Konstandinos Mahoney reviews ‘Acrobats of Sound’ by Colin Pink

 

 

 

 

 

Colin Pink’s impressive first collection, Acrobats of Sound, takes its title from his poem, A Peal of Bells that marvels at the ability of heavy leaden church bells to be rocked into joyful conversation. And this is what Pink does over the seventy-seven poems in this highly readable collection, finding in nature, art, the city, memory, transience, subjects that can be coaxed and swayed through the rhythms of poetry to loosen their tongues and sound out their hidden song.

Pink, an art historian, has an eye for the visual, though his poems go beyond the merely descriptive, delving behind the surface to interrogate what lies beneath. Victorian Woman in Green Dress, one of a number of ekphrastic poems in the collection, this one based on Vittorio Coroc’s oil painting , Sogni, perfectly exemplifies this, going from the visual, /as your/chin rests on the soft plinth of your hand, fingers/ gloved in a second skin of supple leather./ to the final line, Let’s unwrap time, peel/back each brittle layer, until we might meet, a powerful insight into the real behind the real, realism in the painting of the woman as a representation of both surface and hidden realities, the construction of an aesthetic reality through dialogue between a living man and the artist’s illusion.

One of Pink’s strengths is his ability to develop an arresting image into a wider metaphor and open the poem out into a philosophic observation, his is the poetry of both image and thought, an ability to move from the concrete to the abstract. His poetry only occasionally uses end rhymes, his preferred way of shaping a poem is through stanza length, meter, and a deft use of internal rhyme and assonance. Though images are vivid his verse does not feel lyrical or rhapsodic, pace is steady, poems build steadily delivering an observation that is always worth sharing. This gives his work a feeling of integrity, a poet you can trust, a poet who is gently sharing observations on the strangeness and wonder of things. Field Path takes us on just such a modest journey, a country walk through ever denser foliage until the path runs out, but on the journey back /retracing/steps that now seem so different,/no longer recognizably ours at all/ he captures the strangeness and paradox of landscape altered by the direction we move in with it’s wider echoes of the forward passage of time and the unfamiliarity of the past despite having lived it.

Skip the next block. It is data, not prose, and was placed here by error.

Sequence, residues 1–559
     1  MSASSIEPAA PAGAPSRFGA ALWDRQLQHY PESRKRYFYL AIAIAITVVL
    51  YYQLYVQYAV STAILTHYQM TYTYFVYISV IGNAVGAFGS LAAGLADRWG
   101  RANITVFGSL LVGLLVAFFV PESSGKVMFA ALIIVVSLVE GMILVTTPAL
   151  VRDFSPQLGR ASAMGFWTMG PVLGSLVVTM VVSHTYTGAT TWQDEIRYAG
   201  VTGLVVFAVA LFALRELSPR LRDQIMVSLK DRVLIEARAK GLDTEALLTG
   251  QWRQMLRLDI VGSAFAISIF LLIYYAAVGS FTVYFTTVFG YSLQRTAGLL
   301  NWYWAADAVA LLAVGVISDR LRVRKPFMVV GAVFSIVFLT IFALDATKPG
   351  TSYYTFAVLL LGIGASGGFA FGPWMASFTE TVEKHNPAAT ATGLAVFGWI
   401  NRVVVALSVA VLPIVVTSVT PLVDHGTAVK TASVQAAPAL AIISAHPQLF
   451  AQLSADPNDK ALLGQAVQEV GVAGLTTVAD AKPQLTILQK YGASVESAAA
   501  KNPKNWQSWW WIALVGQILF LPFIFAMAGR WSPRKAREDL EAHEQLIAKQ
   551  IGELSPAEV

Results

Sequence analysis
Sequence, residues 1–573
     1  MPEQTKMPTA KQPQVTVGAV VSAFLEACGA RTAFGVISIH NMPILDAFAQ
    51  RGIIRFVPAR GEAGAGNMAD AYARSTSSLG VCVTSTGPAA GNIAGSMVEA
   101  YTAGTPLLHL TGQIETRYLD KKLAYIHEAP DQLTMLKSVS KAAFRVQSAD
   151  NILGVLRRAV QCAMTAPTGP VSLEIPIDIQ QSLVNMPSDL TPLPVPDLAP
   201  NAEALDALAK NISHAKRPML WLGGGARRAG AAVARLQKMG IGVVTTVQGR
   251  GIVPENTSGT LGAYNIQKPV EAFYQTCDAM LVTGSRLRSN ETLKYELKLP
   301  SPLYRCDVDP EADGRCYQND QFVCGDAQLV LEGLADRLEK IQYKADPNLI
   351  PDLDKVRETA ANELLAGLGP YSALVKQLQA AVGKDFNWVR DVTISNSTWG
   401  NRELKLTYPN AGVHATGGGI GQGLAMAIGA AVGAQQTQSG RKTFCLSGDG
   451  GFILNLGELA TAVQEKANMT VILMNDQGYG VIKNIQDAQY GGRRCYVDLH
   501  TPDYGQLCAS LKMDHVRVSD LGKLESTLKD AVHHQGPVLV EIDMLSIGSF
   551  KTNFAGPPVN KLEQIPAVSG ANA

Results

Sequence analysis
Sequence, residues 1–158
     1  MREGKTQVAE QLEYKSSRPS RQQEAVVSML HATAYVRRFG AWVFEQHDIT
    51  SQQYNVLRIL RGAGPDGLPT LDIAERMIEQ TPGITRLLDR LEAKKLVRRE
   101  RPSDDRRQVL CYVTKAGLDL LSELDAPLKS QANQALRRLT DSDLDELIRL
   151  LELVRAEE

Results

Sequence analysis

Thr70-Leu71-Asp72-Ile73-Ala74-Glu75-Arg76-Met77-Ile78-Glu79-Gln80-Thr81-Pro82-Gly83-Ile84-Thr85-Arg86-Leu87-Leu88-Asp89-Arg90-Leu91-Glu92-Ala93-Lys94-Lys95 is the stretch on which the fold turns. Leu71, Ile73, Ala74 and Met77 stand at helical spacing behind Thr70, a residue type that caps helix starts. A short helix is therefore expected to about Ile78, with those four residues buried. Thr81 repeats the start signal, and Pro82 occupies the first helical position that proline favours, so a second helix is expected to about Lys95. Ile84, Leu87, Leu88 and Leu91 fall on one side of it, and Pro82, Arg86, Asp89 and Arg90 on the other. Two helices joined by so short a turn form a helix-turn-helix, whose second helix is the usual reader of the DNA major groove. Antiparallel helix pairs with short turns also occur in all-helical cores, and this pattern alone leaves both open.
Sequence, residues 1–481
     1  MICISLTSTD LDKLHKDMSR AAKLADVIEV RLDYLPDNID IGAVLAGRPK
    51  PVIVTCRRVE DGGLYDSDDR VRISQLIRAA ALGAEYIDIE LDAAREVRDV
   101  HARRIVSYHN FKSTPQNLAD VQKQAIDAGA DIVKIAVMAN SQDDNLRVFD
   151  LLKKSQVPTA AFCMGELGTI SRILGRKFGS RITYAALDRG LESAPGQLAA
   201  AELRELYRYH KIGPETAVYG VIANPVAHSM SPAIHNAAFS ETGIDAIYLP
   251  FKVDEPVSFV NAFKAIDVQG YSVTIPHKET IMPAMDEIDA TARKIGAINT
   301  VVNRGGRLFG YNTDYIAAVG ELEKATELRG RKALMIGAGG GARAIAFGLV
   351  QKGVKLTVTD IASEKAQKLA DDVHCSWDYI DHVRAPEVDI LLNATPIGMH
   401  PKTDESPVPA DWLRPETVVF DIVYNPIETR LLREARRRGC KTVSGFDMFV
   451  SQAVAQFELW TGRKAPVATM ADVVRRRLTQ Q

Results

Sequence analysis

Pink’s poems are economic, often making their point over three to five stanzas, poetic journeys that are neither too taxing nor too leisurely, poems that help you to arrive without overtly signposting the way. The longest poem in the collection is American Civil War Bubblegum Cards, in which, over thirteen sestets, Pink makes a sustained comparison between the realities of the American war in Vietnam as seen on television and the progress of the American Civil War as portrayed in the illustrated bubblegum cards he collected as a boy. Seen again through the eyes of his boyhood Pink uses simple language and syntax allowing the horror to come though in descriptions of the printed images on the cards/In one scene a little boy/is hanged as a spy; he looked a bit like me,/it made me feel sad, I guess that’s what//it was meant to do/ And images on the television, /Napalm illuminated the screen/like every firework display you’d ever seen./Children came running, naked, down a thin/road, their thin arms outspread, their thin skin/burned off./ Comparing the two American wars in this way is original and gives a renewed freshness to both, a wholly original and successful way of showing history’s futile repetitions of war and violence.

The starting point of Pink’s poems are often landscapes, paintings, buildings, objects in the present or past. His wonderful poem Games The Dead Play jumps straight at you from nowhere, from behind a tombstone, spare, boney couplets frolicking in skeletal scariness, gothic playfulness, /On birthdays they blow out other people’s candles/and watch darkness descend from all angels./

 Acrobats of Sound, a handsomely published book by Poetry Salzburg, reward the reader with accessible, thoughtful, beautiful and engaging poems. Reading Pink’s poems is like being with a friend who delights in opening your eyes to the mysteries of the world around you. His counterbalance of deep thought and vivid image has a European feel to it, a philosophical thread running through his poetic oeuvre. I look forward to his next volume.

 

 

 

Order your copy of Acrobats of Sound  by Colin Pink (Poetry Salzburg 2017) here: http://www.poetrysalzburg.com/acrobats.htm

 

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